We saw a hint at Black player power in the 2017 NFL season during week three when owners across the league decided to link arms with their teams during the playing of the national anthem. Leading up to that historical day, the owners had sensed their Black players had grown irritated by the nasty rhetoric from Donald Trump, including calling them “sons of bitches” for kneeling during the anthem, and the owners realized that if they did not act, they would have a major problem on their hands. Raiders owner Mark Davis, the son of Al, stood for the anthem that week, but also asserted, “I can no longer ask our team to not say something while they are in a Raider uniform. The only thing I can ask them to do is do it with class. Do it with pride. Not only do we have to tell people there is something wrong, we have to come up with answers. That’s the challenge in front of us as Americans and human beings.” But most owners chose a different tactic. They decided to pacify the players by joining them. The owners linked arms, but offered no real commitments to social justice. As Cowboys owner Jerry Jones told his team, “What we want to do is basically go out together. I want to go to the center of the field with everybody right before the national anthem, kneel with you at that time on the basis of unity.” Instead of making the conversation about police brutality, the original intent of the demonstrations during the national anthem, most owners white-washed the protest and made the protests about free speech and unity.
Fearing the power of Black labor, the owners got in front of the movement before the players could force their hands in a direction they did not want to go. By linking arms with the players, offering vague references to unity, and agreeing to meet the players to discuss police reform later in the season, the owners quieted most of the players.
Just last month at the owners’ meetings, fearing the power of Black labor and citing concern for white fans’ backlash (and reportedly at President Trump’s own urging), the owners passed a rule demanding that players on the field stand for the national anthem. Instead of seeing the humanity of the Black players and the communities they come from, as Al Davis was forced to do in 1963, the owners sought to control their labor. They would no longer allow Black football players to publicly protest police brutality.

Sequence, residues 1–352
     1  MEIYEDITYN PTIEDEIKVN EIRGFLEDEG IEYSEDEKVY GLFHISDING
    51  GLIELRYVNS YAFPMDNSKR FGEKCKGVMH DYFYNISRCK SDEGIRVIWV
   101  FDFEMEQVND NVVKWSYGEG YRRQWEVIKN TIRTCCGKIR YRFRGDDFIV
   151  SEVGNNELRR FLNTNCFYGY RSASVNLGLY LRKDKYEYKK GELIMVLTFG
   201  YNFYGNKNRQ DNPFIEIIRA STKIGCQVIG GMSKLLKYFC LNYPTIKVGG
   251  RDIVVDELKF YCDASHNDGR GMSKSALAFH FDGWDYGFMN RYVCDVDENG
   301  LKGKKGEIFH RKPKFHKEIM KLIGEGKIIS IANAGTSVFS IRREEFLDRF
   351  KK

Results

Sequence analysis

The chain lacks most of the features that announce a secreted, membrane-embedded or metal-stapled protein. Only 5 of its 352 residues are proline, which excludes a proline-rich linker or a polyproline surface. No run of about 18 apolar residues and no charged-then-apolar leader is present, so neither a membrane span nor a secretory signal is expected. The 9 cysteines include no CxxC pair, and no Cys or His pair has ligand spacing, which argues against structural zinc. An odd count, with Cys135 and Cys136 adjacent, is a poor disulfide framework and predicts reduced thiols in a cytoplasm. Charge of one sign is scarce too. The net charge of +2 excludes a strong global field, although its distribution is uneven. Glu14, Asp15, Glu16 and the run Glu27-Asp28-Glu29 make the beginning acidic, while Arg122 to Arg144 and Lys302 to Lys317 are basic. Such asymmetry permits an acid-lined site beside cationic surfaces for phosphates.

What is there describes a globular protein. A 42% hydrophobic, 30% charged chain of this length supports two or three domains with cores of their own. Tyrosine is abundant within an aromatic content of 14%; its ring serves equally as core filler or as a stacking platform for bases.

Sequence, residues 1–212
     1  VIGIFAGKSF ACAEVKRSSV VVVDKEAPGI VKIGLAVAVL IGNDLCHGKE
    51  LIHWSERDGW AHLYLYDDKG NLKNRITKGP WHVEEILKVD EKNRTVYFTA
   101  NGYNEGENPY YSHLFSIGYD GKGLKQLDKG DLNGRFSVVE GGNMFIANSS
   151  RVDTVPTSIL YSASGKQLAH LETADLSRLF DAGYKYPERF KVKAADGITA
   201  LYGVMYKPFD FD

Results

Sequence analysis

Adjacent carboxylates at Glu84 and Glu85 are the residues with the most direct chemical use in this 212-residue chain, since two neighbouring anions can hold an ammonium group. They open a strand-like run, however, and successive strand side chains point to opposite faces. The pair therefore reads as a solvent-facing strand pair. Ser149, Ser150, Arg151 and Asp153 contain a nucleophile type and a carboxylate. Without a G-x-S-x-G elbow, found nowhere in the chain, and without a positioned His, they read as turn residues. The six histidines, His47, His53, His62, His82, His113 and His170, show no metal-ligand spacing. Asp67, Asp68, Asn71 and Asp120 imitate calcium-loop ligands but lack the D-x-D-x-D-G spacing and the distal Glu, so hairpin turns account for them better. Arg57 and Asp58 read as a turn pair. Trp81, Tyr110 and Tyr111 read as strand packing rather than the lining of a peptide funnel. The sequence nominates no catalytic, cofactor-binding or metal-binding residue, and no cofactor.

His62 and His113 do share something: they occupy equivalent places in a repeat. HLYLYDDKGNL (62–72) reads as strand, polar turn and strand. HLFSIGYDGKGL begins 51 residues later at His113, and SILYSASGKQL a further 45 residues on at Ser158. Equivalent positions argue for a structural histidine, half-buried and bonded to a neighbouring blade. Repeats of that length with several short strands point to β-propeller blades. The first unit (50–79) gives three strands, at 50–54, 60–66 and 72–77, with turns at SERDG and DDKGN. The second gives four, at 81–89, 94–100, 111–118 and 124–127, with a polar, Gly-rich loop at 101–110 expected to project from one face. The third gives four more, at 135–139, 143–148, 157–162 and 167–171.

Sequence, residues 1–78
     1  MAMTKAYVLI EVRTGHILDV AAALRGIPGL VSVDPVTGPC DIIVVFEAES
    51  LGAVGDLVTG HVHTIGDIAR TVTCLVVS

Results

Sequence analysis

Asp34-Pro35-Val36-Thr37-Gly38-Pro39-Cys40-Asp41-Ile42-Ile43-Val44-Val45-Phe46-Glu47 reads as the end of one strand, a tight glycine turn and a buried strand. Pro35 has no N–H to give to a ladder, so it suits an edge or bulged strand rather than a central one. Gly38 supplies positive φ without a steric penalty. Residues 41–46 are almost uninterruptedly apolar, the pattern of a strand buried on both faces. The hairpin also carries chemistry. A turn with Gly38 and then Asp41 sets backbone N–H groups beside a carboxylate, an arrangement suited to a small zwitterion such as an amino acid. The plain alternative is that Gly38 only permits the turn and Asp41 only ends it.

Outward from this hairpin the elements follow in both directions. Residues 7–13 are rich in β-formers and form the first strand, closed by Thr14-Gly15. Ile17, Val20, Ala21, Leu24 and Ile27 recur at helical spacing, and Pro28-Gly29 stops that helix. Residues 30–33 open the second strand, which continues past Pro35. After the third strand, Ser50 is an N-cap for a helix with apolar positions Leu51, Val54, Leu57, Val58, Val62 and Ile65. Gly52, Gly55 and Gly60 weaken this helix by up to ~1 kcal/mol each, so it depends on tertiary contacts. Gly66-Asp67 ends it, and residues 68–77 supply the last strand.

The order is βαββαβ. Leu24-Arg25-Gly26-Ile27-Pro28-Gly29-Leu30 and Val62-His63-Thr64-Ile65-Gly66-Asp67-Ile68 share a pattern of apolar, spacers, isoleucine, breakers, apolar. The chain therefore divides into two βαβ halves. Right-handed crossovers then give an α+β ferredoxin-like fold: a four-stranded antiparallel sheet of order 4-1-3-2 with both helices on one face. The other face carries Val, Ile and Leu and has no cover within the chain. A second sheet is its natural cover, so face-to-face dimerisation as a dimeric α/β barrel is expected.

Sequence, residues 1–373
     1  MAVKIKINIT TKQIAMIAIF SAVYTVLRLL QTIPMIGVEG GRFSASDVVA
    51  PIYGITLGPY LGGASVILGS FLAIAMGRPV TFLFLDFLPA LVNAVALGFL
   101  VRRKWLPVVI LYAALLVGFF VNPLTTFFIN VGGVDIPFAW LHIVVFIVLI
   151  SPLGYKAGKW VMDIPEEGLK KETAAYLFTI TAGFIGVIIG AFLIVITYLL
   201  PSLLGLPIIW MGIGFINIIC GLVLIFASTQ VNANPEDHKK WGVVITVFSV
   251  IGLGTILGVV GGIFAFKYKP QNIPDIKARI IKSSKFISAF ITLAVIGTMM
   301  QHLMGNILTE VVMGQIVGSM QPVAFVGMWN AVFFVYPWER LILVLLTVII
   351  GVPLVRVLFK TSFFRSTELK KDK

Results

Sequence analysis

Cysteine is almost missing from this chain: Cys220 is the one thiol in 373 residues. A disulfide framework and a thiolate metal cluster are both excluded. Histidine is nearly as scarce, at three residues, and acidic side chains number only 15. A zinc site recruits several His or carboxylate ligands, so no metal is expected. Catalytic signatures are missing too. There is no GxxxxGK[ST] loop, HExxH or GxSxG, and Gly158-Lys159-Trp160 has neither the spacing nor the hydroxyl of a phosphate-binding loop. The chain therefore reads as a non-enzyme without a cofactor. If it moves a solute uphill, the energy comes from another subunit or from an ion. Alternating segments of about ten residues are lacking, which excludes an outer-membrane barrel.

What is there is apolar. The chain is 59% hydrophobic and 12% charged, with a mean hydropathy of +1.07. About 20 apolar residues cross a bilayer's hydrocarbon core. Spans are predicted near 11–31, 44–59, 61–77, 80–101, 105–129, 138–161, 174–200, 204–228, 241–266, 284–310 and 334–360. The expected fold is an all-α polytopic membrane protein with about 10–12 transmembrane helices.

By making the protests about the NFL’s dollars and not Black dignity, this new rule could backfire on the owners. The owners’ concern for white fans and the bottom line could shift the power back to Black players if the players understand their worth to the league. In order to get the owners of the league (who are 95% white) to bend towards justice, Black players have to continue to kneel during the anthem or find another influential way to control the narrative. They must force the conversation back to humanity, morality, and justice to make the owners understand that these protests are about the dignity of Black people. When Bo Roberson, Fred Williams, Art Powell, and Clem Daniels, made their decision to boycott, and stood in solidarity, Al Davis and the Raiders’ white leadership chose Black dignity over white dollars. By standing in solidarity, today’s players can force owners’ hands. There is no NFL without Black labor. The laborers must make the owners feel their Black Power.
- “Call to Mobile,” Oakland Tribune, August 20, 1963. ↩
- “Had to Stick Together,” Oakland Tribune, August 21, 1963. ↩
- “Mobile Seating Snafu,” Oakland Tribune, August 20, 1963. ↩
- “Prying Pye,” Los Angeles Sentinel, July 18, 1963. ↩
- For this quote and the previous one, see “Had to Stick Together,” Oakland Tribune, August 21, 1963. ↩